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6.829 Computer Networks (H)

How The Internet Really Works
(3.3 1.5 7.1)

Lecturer: H. Balakrishnan
Lecturer's Rating: H. Balakrishnan 6.3/7.0
Prerequisites: 6.033, C, Perl, Tcl, time
Response rate: 54 out of 105
Difficulty: 5.2/7.0
Overall Rating: 5.9/7.0
Term Evaluated: Fall 2002

Lecturer's Comments:


The class provides an overview of the current topics in computer networking: protocols, scalability, routing, robustness, and security. There is also emphasis for students to learn how to do a research project. Most students were graduate students, seniors, and MEng students in VI-2 and VI-3. A few undergraduates felt overwhelmed.


  • Lectures
  • Topics cover current issues
  • Cool papers, cool projects
  • Lecture notes


  • Long problem sets
  • Slow homework return
  • Lots of reading
  • Too little lecture notes
  • Too much on routers

Students took this class for their interest in the subject. They found a good level of detail, with the content as expected. While many people agreed with the balance of theory and application, some felt that the theory was overemphasized.

Lecturer H. Balakrishnan (6.3/7.0, 54 responses) was universally praised for his good lecturing style, and for his knowledge of the subject matter. Students also found him enthusiastic and very clear -- "He's the most bubbly, energetic, and well-spoken I've ever seen." Students also applauded his board technique, and his ability to keep their interest. The few criticisms are that he sometimes goes a bit fast over difficult or technical details, and that he needs to speak more slowly. Additionally, his abbreviations caused a little confusion.

TA N. Feamster (5.2/7.0, 41 responses) was praised for being very helpful. Students found him willing to answer questions and on top of the material.

TA T. Nightingale (5.2/7.0, 34 responses) was also helpful, and good at tutorials.

TA J. Strauss (4.7/7.0, 33 responses) received positive comments, but negative comments as well. Several students thought he was impatient and not helpful, sometimes answering questions tersely.

The problem sets were very long, taking on average 17 hours each. However, they were helpful for learning the material. Students felt they were difficult, and involved some grunge work. Several students remarked that the problem sets assume some prior knowledge in networking and explore concepts not discussed in class. Students also complained that solutions needed to be distributed sooner. One common suggestion was that problems sets should be shorter and more frequent. Almost all students collaborated to some extent and found it helpful. Bibles were rarely used.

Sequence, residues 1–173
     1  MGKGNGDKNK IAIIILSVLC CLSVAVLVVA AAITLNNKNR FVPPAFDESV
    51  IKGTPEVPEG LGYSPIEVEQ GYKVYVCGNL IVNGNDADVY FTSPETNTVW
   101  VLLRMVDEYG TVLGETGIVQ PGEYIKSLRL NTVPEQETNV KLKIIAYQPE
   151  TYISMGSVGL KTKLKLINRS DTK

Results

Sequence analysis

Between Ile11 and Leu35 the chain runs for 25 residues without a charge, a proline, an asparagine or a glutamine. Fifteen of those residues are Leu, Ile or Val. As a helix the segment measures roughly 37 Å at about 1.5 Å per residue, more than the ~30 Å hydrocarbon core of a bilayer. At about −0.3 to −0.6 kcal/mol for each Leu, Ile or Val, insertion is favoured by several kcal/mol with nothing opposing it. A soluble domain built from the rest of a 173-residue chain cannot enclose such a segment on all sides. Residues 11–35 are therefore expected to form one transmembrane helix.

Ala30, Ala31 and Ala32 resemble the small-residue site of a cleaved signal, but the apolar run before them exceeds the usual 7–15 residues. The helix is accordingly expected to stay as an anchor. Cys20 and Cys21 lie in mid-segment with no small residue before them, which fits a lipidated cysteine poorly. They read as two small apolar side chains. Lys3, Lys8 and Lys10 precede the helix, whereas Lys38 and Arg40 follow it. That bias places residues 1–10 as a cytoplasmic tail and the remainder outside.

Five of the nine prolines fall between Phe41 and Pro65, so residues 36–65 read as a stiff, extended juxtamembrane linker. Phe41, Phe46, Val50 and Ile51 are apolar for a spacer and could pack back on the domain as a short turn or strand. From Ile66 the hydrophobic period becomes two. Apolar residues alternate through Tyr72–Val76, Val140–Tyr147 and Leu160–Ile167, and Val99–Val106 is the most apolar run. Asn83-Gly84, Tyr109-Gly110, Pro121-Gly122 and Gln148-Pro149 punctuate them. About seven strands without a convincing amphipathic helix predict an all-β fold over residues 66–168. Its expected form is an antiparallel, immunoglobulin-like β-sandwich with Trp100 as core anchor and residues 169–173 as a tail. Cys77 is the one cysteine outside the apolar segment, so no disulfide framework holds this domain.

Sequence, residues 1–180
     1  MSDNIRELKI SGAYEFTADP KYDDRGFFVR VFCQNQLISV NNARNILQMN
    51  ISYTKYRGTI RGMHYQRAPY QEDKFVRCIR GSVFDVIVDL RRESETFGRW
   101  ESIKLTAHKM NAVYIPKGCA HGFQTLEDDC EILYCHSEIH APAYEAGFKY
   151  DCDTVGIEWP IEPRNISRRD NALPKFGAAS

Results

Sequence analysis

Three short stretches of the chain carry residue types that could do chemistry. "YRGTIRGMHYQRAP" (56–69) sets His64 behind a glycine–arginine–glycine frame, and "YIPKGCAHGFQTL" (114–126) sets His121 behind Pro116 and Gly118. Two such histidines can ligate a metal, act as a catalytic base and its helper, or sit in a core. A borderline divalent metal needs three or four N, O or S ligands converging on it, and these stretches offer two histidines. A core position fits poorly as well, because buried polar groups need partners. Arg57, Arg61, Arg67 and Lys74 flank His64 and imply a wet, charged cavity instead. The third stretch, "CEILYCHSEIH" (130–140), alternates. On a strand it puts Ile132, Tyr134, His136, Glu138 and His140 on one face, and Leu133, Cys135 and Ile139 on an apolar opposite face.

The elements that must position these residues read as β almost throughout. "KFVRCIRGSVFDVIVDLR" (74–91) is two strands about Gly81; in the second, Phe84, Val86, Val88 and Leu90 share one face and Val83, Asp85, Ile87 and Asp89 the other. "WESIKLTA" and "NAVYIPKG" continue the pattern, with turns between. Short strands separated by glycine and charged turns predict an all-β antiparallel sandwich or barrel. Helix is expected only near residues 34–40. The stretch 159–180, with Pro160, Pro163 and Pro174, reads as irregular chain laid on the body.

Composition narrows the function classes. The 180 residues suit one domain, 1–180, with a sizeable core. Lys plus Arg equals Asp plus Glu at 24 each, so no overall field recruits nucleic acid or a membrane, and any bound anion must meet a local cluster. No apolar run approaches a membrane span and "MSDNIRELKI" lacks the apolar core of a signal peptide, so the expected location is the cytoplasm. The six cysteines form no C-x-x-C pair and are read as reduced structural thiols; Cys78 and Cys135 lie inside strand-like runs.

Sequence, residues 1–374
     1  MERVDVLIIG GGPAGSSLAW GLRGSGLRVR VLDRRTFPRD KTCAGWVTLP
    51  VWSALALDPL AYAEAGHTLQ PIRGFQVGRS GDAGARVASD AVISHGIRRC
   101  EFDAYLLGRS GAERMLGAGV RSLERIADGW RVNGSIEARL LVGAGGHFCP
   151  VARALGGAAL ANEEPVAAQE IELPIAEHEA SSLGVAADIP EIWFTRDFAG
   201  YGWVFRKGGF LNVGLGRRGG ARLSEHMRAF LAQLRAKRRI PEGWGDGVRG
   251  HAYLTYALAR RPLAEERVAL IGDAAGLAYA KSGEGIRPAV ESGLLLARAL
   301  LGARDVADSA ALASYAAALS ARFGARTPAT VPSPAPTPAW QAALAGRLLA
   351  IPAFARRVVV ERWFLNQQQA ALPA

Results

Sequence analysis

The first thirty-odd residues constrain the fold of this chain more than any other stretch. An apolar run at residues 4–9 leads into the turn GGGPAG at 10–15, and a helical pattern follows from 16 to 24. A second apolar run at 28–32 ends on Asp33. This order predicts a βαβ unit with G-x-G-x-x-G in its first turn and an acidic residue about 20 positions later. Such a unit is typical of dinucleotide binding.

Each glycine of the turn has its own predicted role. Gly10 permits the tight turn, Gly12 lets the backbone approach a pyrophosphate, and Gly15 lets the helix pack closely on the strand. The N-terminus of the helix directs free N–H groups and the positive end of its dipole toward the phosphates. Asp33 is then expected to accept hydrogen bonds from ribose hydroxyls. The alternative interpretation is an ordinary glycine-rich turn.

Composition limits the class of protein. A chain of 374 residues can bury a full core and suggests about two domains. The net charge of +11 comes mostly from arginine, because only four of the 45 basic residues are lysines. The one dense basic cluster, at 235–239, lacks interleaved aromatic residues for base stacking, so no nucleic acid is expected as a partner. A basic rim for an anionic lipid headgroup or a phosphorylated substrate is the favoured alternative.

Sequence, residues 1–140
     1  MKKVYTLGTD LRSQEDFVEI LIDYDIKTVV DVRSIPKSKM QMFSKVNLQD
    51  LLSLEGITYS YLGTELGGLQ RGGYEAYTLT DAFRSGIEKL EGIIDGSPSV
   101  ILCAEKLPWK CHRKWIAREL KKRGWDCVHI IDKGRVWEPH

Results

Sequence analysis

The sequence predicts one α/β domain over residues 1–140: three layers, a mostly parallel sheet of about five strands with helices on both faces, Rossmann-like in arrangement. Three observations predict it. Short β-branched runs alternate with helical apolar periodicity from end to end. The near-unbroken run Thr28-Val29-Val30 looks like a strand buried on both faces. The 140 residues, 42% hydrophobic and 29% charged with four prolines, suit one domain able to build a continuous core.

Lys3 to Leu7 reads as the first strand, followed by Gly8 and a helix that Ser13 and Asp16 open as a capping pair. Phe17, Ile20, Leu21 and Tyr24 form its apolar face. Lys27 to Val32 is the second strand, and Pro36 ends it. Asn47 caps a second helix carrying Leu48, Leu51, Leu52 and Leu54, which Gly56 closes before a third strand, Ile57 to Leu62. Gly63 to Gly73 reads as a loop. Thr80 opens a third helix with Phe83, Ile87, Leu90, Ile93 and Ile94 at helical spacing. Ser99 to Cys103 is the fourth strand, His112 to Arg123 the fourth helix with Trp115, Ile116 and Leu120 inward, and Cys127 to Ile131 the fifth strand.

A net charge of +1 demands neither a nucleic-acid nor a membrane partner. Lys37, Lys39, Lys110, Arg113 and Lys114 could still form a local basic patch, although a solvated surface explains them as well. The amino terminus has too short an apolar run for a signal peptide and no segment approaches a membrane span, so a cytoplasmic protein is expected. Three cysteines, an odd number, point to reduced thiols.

There was a design project that many students felt was a good experience. It was very long and open ended. A few students found it difficult and time consuming. Feedback was sometimes sparse, and narrowing the scope for the project was difficult. Additional structure would have helped, such as more check points.

The lecture notes were widely praised. They were comprehensive and well written, and the lectures that had corresponding notes were much easier to understand. However, most students complained that not every lecture had notes.

Grades in 6.829 are based on 3 problem sets (25%), 2 quizzes (30%), participation (5%), and a project (40%).

The exams were difficult and a little long for an hour. Students felt that they were graded fairly, but didn't adequately test one's grasp of the material. A few students complained about multiple choice sections.

The most common advice is that students should have sufficient time to spend on this class. Because of the open-ended nature of the class, students who spend more time get more out. Several students suggested to study for the exams by doing the readings and thinking about them.

"A pleasure to learn from an expert in the field"

"A lot of reading to keep up with"

Dated: January 17, 2003
Eta Kappa Nu, MIT